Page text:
Australia must throw its hands in the air. It is the only logical solution chimes in our de facto Federal Treasurer, Scott Morrison, our self-appointed Federal fixer before Christopher Pyne abrogated the title.
‘It’s dumb to even suggest that we might help, argued Rottweiler Morrison, a former border protector himself, whose practices have contributed to the current crisis, before proceeding to rebuke us and set things straight with one of his ‘people who’ explanations.
‘People who suggest countries in the region can resettle persecuted Rohingya misunderstand the scale of the problem.’ There are a million persecuted Rohingya in Myanmar.’ Clearly Morrison thinks that tolerance begins at home – and should stay there. Australia, perhaps, should just tell Myanmar to back off the Rohingya, just as we told Putin to back off in Ukraine. That seems to have worked a treat.
Too many to count, too insignificant to matter, too wretched to care, none of this wisdom reached the ears of the desperate people in a wooden fishing boat, condemned to a death at sea. Two hundred people died during their three month ordeal which culminated in their being abandoned to the elements by a crew made desperate at news of a crackdown on people smuggling. Their bodies were thrown overboard. Survivors were vainly trying to shelter from the fierce Andaman sun under flimsy plastic tarpaulins. No-one was game to take them in.
Cries of “Please help us! I have no water!” rose from the boat as a vessel carrying journalists approached. “Please give me water!”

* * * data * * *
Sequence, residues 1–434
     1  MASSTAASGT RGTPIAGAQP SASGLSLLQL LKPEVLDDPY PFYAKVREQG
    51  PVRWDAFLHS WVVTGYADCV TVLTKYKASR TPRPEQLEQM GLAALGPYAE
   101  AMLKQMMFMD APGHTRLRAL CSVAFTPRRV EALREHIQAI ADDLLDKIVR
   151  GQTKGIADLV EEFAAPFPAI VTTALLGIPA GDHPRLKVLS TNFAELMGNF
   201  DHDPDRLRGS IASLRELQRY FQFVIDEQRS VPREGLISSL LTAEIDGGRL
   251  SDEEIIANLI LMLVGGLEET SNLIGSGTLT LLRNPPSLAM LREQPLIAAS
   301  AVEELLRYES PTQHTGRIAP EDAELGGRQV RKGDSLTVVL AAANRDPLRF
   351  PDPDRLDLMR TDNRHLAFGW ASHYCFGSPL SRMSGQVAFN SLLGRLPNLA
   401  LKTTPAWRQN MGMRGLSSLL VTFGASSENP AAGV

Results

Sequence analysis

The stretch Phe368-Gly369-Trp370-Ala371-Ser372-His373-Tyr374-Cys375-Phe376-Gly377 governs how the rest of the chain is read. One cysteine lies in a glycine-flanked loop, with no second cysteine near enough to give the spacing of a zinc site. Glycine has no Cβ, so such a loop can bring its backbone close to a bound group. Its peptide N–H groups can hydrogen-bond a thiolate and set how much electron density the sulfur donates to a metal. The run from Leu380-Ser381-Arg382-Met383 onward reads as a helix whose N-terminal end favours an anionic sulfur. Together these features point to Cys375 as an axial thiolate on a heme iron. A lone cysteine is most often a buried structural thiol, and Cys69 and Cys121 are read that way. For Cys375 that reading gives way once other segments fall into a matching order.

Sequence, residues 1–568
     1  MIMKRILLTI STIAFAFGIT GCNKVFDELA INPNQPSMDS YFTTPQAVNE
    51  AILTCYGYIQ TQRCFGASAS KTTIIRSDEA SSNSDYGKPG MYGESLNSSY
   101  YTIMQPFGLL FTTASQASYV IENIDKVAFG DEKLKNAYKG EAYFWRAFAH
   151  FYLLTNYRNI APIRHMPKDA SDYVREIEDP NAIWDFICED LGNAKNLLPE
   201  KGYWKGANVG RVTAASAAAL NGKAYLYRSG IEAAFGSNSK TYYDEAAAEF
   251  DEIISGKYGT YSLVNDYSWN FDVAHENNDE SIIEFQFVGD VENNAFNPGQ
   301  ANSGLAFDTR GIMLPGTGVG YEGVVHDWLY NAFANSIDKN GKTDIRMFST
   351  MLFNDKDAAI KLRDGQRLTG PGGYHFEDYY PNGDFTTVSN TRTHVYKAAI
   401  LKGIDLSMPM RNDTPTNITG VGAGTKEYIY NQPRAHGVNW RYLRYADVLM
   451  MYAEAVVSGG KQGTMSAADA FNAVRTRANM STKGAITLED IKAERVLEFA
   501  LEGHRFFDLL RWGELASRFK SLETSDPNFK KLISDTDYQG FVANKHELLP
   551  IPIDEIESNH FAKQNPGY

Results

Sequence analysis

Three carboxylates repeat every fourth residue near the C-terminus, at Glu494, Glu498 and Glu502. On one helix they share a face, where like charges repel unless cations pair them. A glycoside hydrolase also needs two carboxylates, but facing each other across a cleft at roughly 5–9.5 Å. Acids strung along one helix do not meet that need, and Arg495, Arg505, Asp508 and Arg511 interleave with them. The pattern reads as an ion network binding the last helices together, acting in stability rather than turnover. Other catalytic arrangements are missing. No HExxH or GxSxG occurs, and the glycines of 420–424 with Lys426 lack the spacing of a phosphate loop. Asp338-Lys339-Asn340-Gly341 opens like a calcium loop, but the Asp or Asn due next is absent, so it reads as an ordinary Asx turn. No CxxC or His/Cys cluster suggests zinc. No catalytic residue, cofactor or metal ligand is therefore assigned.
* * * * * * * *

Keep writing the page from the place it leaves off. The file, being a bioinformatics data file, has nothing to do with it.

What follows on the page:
Help? ‘Nope, nope, nope.’ Our nation’s leader, Good Samaritan Abbott made a captain’s call to negate our collective humanity. Sensing somehow that her leader was not even prepared to enter into discussion of the matter, his foreign minister leapt in with both feet, as she is wont to do, almost to his rescue, by explaining to a disgusted world that the Bangladeshi boat-people would not get any help from Australia because they were not genuine refugees.
In fact, Bishop hissed, during a break from her mobile emoji-sending, they were ‘illegal labourers’ according to her sources in Indonesia, fellow turn-backers and buck-passers whose self-interested perspective is doubtless utterly credible. Many aboard are reported be carrying readily available false National ID and counterfeit passports. ‘Illegal’ labourers are less than human it seems and forfeit all right to humane consideration.
The boat’s plight highlights the migration crisis confronting the region. 6,000 to 20,000 migrants are believed to be at sea, fleeing ethnic persecution in Myanmar and poverty in Bangladesh, while countries such as Australia pass the buck or point the finger.
It is also, tragically a litmus test of legitimacy for a coalition government which has abdicated all responsibility, accountability and answerability in favour of spin. If we cannot swallow our slogans and practise our humanity and common decency, there is nothing our government can do from now in to salvage any last vestige of credibility or moral integrity at home or abroad.